A Cochrane Eyes and Vision Information Specialist conducted a comprehensive search for randomised controlled trials and controlled clinical trials in several databases, with no language or publication year restrictions. The databases, last searched on 20 September 2019, included the Cochrane Central Register of Controlled Trials, Medline Ovid, EMBASE, PubMed, metaRegister of Controlled Trials, US National Institutes of Health Ongoing Trials Register, and the WHO International Clinical Trials Registry Platform. Additional trials were identified by searching reference lists of trial reports and using the Science Citation Index to find studies citing the included trials. Primary investigators were contacted for additional trial details when necessary. Manual searches were also conducted in specific journals from various years.

At least two authors independently reviewed the titles and abstracts resulting from searches according to the eligibility criteria. Included studies were assessed further for their methodological quality using the Cochrane risk of bias tool. At least two review authors independently extracted the data onto paper data collection forms. They resolved discrepancies through discussion. One review author entered all data into Review Manager. Data was verified by a second author.

For dichotomous outcomes, a summary risk ratio was computed, and for continuous outcomes, the mean difference between interventions was calculated by the auhtors. The effect estimate and its 95% confidence intervals were reported. In terms of unit of analysis, a person-based analysis was performed as convergence insufficiency is a binocular vision disorder. None of the reviewed trials used a cluster or cross-over design. All eligible treatment groups from multi-arm trials were included in the NMA without any group combinations.

Heterogeneity was assessed both clinically and methodologically by qualitatively examining the characteristics of each included trial. Statistical heterogeneity was quantitatively evaluated using the Chi 2 test and the I2 values. It was pre-determined that a p value of less than 0.1 from the Chi 2 test and an I2 statistic of greater than 50% would indicate significant statistical heterogeneity. It was planned to use a funnel plot to assess publication bias if a sufficient number of trials were identified.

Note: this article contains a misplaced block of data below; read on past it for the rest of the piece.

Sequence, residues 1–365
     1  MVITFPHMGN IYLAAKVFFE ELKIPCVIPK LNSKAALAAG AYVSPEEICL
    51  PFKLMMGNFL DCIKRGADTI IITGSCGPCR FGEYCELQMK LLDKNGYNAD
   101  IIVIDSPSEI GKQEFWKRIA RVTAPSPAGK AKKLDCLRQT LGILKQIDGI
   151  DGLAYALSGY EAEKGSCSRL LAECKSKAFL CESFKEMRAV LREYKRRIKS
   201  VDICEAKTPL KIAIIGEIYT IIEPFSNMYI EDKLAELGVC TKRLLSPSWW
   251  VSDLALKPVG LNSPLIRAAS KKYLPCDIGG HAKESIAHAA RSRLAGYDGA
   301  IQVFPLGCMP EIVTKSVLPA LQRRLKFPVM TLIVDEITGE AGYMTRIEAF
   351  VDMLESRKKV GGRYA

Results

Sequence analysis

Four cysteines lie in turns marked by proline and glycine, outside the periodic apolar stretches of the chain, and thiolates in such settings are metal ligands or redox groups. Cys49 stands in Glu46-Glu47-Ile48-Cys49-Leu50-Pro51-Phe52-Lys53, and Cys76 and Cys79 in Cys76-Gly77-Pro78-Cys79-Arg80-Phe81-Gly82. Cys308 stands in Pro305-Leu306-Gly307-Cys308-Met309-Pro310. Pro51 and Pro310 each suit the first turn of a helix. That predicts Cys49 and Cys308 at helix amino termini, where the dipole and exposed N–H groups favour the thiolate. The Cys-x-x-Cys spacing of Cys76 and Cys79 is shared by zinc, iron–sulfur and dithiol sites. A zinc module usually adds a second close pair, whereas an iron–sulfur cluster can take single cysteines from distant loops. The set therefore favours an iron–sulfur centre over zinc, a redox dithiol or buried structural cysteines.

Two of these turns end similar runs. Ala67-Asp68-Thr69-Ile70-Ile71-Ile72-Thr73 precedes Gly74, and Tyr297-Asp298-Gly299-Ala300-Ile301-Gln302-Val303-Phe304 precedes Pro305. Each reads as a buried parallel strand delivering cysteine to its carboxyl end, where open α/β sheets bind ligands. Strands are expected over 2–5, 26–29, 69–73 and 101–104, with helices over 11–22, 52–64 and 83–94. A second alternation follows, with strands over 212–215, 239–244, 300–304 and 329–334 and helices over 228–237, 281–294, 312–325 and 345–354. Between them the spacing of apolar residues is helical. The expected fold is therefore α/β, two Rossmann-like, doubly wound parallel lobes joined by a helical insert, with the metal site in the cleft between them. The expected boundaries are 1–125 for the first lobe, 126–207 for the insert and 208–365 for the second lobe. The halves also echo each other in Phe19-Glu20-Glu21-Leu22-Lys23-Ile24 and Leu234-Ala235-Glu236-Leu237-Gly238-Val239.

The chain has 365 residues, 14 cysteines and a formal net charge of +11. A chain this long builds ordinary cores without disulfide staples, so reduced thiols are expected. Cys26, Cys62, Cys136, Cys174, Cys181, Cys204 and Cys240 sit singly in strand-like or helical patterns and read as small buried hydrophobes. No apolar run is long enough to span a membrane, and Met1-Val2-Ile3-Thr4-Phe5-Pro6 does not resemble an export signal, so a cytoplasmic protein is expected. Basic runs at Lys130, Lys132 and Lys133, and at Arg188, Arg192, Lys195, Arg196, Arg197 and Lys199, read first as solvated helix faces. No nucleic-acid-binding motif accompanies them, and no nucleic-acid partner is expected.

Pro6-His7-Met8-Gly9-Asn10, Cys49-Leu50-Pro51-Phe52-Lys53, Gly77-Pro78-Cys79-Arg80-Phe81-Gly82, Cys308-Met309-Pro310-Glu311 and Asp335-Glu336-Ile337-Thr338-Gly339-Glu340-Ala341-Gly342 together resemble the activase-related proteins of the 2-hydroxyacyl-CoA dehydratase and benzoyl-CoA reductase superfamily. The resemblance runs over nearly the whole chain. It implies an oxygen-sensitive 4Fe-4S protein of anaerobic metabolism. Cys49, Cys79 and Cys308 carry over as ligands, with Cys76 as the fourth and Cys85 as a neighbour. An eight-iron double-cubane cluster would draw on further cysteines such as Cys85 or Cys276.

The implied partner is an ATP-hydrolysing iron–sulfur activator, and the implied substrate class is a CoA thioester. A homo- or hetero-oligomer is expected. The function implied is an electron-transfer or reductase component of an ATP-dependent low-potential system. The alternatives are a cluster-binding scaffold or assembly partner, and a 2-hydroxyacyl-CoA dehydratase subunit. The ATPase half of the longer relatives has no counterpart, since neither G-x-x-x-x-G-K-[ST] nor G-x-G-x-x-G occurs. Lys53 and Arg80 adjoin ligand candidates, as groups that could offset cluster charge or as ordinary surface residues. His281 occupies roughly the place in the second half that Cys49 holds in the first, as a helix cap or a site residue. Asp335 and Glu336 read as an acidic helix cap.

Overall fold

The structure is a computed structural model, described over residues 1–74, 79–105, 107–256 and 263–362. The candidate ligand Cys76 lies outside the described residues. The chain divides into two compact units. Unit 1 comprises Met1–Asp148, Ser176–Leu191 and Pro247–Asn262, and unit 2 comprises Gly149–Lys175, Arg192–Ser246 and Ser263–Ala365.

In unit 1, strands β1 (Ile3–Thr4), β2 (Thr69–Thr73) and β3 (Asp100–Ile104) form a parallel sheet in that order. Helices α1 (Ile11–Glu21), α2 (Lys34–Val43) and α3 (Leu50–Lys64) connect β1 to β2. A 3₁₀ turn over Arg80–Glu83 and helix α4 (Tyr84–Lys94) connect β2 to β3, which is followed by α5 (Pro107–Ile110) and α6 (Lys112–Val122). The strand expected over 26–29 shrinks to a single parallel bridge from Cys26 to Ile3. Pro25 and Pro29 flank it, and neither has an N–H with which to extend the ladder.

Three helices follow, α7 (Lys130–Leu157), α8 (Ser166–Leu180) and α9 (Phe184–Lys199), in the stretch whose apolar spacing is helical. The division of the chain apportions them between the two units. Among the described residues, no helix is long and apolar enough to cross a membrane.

Data synthesis consisted of two networks of trials. One comprised the trials with children as participants and the other the trials with adult participants. For each network, a pairwise meta-analysis was first conducted for every direct comparison using a random-effects model.

Applicability/external validity: Authors indicate imprecision of NMA estimates and heterogeneity in the relative effects of interventions limited the applicability of the evidence for the adult population (meaning that, for most comparisons, the level of certainty was low). However, in the children’s network, the overall certainty of evidence was high for all comparisons involving office-based convergence/accommodative therapy and moderate-certainty to low-certainty for comparisons between the two home-based interventions.

Authors note that findings from the review are consistent with findings from older narrative reviews on the same topic, none of which included a meta-analysis.

Geographic focus: Eight of the included trials were conducted in the US and the remaining four studies in upper‐middle‐income (Iran) or lower‐middle‐income (Egypt) countries. Authors do not consider how findings may vary on a country-by-country basis.

Summary of quality assessment:

The approaches to the identification, inclusion and appraisal of studies were highly robust, with all stages being undertaken to high standards by at least two authors, and the search being unrestricted in terms of language, date or publication status. While the approach to the analysis was also highly robust, due to the small numbers of studies involved, the authors were unable to determine how the inclusion of studies of lower quality influenced the reported results. For these reasons, we have medium confidence in the findings of this review.

Publication Source:

Scheiman M, Kulp MT, Cotter SA, Lawrenson JG, Wang L, Li T. Interventions for convergence insufficiency: a network meta-analysis. Cochrane Database of Systematic Reviews 2020, Issue 12. Art. No.: CD006768. DOI: 10.1002/14651858.CD006768.pub3.